Research has revealed that there is a 17 times greater risk of experiencing a heart attack in the 7 days after a respiratory infection. This is the 1st study to report a connection between respiratory infections like bronchitis, influenza and pneumonia, and increased heart attack risk in individuals as confirmed by coronary angiography (a special type of X-Ray used for detecting blockages in heart arteries). This confirms previous research results that suggest that a heart attack can be triggered by a respiratory infection.
The data revealed that the increased risk of a heart attack isn’t always just at the start of respiratory symptoms; it peaks in the first 7 days and slowly reduces but stays elevated for 1 month. The study analyzed 578 consecutive patients having heart attack as a result of blockage of coronary arteries, and who provided details on recent and usual occurrence of respiratory infection symptoms.
Respiratory infection symptoms within 7 days of the heart attack were reported by 17% of individuals, and respiratory infection symptoms within 31 days were reported by 21% of the individuals. They provided information about their activities prior to the start of their heart attack, such as if they had a recent “flu-like illness with sore throat and fever”. They were regarded as affected if they reported cough, sore throat, fever, flu-like symptoms, sinus pain, or if a diagnosis of bronchitis or pneumonia had been reported.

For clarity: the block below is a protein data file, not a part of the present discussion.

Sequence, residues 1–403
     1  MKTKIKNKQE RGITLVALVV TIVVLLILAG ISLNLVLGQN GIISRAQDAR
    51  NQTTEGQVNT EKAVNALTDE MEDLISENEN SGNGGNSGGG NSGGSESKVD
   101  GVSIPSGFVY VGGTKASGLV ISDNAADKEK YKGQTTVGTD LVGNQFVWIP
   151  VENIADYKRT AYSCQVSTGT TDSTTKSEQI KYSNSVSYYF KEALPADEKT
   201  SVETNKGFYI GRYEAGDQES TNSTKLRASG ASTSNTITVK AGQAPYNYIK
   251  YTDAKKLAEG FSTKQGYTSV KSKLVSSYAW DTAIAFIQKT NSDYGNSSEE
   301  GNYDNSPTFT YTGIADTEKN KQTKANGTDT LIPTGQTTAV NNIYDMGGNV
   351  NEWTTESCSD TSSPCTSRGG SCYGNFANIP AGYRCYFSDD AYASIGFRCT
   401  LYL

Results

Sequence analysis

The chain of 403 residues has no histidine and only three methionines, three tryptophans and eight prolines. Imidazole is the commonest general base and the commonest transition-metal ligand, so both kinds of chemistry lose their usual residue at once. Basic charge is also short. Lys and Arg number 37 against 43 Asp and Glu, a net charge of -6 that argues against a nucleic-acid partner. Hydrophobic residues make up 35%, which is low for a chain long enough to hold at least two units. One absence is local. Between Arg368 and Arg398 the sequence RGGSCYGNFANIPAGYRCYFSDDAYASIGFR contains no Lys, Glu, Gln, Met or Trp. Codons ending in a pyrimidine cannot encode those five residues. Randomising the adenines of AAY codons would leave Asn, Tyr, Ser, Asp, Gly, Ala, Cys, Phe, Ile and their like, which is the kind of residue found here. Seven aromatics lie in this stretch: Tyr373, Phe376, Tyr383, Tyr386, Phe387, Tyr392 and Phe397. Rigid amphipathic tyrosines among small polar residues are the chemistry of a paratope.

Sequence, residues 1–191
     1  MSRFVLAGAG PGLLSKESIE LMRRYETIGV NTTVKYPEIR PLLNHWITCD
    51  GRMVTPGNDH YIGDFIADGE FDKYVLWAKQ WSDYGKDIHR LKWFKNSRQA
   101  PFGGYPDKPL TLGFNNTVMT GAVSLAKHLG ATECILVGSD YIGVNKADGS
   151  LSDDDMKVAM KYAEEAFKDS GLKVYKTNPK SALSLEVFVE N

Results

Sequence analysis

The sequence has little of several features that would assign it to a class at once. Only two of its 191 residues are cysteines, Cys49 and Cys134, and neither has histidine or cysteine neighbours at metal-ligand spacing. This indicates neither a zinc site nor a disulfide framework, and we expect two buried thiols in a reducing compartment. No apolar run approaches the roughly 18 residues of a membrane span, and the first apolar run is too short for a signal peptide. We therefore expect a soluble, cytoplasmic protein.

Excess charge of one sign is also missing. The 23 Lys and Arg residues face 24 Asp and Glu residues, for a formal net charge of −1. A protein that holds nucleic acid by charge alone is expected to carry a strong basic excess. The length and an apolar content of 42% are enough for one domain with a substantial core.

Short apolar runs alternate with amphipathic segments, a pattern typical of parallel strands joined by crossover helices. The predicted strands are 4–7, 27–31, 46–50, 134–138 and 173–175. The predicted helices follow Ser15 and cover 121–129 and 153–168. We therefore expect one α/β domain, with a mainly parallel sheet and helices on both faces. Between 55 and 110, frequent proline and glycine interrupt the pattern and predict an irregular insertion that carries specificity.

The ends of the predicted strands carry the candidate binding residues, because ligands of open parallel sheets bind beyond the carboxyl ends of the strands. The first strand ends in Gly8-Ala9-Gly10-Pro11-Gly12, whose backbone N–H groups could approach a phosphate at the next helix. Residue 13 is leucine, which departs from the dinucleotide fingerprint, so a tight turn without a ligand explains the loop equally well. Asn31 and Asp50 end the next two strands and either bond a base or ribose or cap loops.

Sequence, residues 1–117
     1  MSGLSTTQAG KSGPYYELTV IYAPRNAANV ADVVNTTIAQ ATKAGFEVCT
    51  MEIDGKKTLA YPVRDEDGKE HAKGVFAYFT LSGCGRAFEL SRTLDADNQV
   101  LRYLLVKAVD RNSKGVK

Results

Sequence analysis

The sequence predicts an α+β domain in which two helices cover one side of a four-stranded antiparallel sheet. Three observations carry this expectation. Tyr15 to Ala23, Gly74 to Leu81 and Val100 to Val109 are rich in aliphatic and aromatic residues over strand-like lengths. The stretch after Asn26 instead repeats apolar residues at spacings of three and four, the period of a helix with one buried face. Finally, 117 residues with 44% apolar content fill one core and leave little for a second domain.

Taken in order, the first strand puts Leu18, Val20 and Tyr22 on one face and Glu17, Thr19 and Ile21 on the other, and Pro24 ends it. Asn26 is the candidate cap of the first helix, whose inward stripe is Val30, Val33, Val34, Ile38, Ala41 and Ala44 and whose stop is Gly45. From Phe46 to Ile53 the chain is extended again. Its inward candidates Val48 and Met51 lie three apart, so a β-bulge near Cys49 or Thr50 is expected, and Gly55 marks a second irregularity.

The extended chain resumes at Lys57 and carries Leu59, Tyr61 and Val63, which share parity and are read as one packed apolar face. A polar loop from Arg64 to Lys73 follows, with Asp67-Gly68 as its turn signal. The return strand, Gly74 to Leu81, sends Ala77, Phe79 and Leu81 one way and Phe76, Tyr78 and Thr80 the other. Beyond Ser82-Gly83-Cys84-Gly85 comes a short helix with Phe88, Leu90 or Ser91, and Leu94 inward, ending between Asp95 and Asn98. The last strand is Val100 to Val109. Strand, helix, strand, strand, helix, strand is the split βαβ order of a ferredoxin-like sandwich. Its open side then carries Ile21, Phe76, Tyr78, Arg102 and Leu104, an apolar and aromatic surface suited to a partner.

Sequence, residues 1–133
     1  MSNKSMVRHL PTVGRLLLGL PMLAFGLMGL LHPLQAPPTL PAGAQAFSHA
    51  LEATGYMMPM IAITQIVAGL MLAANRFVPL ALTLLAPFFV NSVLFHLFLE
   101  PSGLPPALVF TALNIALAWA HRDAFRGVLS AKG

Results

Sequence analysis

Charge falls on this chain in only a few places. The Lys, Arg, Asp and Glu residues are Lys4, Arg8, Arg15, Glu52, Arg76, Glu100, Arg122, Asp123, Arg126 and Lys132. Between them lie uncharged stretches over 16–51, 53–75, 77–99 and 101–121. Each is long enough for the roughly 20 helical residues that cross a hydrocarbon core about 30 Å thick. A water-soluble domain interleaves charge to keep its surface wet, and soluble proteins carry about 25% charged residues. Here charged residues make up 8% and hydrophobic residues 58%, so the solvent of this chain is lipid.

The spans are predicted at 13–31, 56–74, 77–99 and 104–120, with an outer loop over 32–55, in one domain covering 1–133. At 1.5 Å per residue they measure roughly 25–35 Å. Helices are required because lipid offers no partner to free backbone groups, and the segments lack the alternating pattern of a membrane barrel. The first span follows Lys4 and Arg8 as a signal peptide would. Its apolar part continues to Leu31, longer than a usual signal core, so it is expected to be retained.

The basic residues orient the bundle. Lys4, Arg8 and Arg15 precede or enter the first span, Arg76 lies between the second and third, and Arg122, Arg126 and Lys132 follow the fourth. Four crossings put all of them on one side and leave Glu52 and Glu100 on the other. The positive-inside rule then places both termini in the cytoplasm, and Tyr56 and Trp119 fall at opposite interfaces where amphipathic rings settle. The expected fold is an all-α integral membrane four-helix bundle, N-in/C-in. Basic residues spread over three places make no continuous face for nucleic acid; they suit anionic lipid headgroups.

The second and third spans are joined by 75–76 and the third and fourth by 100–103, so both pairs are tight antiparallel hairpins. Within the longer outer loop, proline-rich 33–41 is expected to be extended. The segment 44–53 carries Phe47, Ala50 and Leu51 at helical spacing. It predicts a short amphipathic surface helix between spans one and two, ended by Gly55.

A 2nd analysis of individuals with symptoms limited to the upper respiratory tract, such as pharyngitis, the common cold, sinusitis and rhinitis revealed less of a risk. For those individuals reporting symptoms of milder upper respiratory tract infection, the increase in risk was less, but still with a 13 times greater risk. Even though upper respiratory infections are not as severe, they’re much more common than lower respiratory tract symptoms. So the relationship with regards to heart attack risk is important to understand.
The occurrence of heart attacks is higher throughout the winter. This winter peak that’s seen in countries worldwide is likely due in part to the increased occurrence of respiratory infections. Preventative measures ought to be taken to reduce exposure to infection. Possible reasons why a heart attack could be triggered by a respiratory infection include a greater tendency towards inflammation, blood clotting, changes in blood flow, and blood vessels damaged by toxins. The bottom line is while the absolute risk that a heart attack will be triggered any one episode is low, we should be aware that a coronary event could be triggered by a respiratory infection.